What is “aggression” anyway?

Aggression. It’s a pretty emotive term. It feels awful to be told or accused of having an aggressive dog. But what does it mean? It is a term that in my opinion is overused and often used incorrectly. A week out of a seminar with Dr Esther Schalke & Hans Ebbers, I want to share some great points Dr Esther made on aggression to help clarify things.

“Observing aggressive behaviour in a dog does not mean it is a dangerous dog” – Dr Esther Schalke

Aggression (noun) is defined as attack behaviour towards conspecifics (same species) and non-conspecifics (not the same species). It is internal motivation to show aggressive behaviour in a situation of conflict. It is the Fight part of the 4 Fs (fight, flight, freeze, flirt – all behaviour shown in situations of conflict). The purpose is to eliminate the conflict, relieve stress, and perhaps surprisingly increase distance.

Importantly, aggression is not predation. Sometimes called predatory aggression or prey drive, predation is motivated hunting behaviour. The purpose of predatory behaviour is to decrease distance, or the prey escapes. Aggression & predation are even controlled by different areas of the brain (medial hypothalmus and lateral hypothalmus respectively).

All behaviour is influenced by 3 things:

  • Genetics – innate behaviours, heritability
  • Learning – in critical periods, through experience & ageing
  • Environment – specific situation, context & management

There is also research indicating that mother dogs that experience social stress during pregnancy produce puppies that are more sensitive to stress – this adds a layer of innate behaviour not just related to genetics. Then, we also have health conditions that also influence aggression, including hypothyroidism, chronic or acute pain, seizure disorders, metabolic disorders, etc.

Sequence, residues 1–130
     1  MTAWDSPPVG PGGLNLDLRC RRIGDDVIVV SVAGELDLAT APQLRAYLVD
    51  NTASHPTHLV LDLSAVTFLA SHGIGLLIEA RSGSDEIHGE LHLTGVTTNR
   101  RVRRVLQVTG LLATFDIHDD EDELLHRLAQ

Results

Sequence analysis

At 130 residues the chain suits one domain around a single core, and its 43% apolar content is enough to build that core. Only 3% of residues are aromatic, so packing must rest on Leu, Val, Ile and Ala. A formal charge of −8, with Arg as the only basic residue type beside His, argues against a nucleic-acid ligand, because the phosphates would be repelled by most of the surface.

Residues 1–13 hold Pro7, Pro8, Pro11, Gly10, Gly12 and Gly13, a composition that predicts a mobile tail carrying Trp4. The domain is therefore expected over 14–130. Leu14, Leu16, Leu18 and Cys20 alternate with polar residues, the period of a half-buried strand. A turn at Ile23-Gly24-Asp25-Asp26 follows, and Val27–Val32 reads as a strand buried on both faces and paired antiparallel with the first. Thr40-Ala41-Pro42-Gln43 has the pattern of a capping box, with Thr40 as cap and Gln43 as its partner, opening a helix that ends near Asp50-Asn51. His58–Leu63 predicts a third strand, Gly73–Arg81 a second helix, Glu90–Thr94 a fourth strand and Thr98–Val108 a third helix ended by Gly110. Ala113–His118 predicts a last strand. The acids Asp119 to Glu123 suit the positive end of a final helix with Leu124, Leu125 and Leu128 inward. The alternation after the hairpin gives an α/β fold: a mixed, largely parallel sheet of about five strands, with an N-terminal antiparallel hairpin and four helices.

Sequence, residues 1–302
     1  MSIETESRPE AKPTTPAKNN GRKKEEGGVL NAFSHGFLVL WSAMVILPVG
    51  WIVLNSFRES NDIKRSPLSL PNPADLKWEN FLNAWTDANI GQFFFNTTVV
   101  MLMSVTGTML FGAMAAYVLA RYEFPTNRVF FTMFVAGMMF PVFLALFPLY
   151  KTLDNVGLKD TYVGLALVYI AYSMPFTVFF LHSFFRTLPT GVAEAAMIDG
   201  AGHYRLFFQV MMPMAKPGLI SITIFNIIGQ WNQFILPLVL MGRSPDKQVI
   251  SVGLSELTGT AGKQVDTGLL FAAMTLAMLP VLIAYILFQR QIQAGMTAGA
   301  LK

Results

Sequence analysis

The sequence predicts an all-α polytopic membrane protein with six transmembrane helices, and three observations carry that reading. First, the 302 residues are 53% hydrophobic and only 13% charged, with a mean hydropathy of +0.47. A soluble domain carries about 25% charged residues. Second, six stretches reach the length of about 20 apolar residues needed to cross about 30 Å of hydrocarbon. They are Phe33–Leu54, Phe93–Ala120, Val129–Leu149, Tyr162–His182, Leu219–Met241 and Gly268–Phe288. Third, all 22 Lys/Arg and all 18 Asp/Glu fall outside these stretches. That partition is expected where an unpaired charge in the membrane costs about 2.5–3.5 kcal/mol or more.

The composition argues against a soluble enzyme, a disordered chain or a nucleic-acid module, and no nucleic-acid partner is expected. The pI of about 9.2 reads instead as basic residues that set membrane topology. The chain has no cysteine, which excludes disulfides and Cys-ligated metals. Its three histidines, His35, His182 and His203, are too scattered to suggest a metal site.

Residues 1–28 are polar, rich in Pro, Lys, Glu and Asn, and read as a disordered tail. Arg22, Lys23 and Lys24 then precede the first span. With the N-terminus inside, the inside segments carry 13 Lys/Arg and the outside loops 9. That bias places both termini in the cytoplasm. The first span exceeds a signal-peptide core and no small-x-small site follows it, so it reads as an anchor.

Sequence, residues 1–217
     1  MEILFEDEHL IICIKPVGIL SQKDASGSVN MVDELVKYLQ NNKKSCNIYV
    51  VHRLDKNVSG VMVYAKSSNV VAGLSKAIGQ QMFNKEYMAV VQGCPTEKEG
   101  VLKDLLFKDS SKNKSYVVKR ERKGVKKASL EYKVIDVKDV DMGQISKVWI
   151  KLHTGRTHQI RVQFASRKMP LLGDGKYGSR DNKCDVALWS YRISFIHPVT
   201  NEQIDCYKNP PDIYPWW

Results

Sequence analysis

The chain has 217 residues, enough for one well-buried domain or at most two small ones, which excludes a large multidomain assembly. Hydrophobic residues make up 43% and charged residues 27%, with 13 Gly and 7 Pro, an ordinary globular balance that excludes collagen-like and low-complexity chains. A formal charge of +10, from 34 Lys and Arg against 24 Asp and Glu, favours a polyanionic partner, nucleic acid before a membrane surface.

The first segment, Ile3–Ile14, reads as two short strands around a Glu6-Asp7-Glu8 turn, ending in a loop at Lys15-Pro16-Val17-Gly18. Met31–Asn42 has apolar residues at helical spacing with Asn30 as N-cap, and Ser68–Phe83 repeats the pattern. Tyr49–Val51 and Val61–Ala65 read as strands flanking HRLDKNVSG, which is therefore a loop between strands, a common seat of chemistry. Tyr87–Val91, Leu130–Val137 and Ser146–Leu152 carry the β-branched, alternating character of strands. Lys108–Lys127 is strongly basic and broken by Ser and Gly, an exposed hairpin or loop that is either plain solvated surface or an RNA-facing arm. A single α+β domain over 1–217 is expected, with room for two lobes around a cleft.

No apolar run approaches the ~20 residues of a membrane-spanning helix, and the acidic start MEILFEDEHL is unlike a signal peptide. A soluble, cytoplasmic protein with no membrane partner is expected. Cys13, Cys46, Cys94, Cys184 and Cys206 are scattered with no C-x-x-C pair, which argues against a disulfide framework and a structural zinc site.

Due to these influences, a dog is going to assess things before going into a fight:

  1. How fit am I?
  2. How fit is my opponent?
  3. How important is the resource?
  4. Advantages & disadvantages

Note, aggression over a resource does not mean the dog is not social; it means it is important to them in that context.

So if you do have an aggressive dog, can anything be done?

We can influence points 3 & 4 in the checklist above to start looking at how we can reduce or prevent aggressive behaviour. We must also correctly classify the aggression into two primary categories: Functional/Offensive or Emotional/Defensive. Treating one like the other will make the behaviour stronger or worse, and we don’t really want that.

  • Defensive types can change into offensive if it works for the dog.
  • Offensive can look like predation, but remember these have different motivations!
  • Anxiety & fear aggression are forms of defensive aggression. Involves genetics, lack of experience, or a bad experience.
  • Redirection is from frustration that the desired target can’t be reached. It involves high arousal/emotion, and can be genetic or learned.
  • Learned aggression is a learned behaviour strategy, either emotional (classical conditioning) or physiological (operant conditioning).
  • Territorial aggression has a strong influence in genetics (such as for livestock guardian dogs). It may not be only related to home, but moves with the dog. Starts in puberty. Must not be confused with other factors like fear.
  • Dog-dog aggression, within group, known or unknown dogs. Functional for status/dominance.

Call me, I can help!




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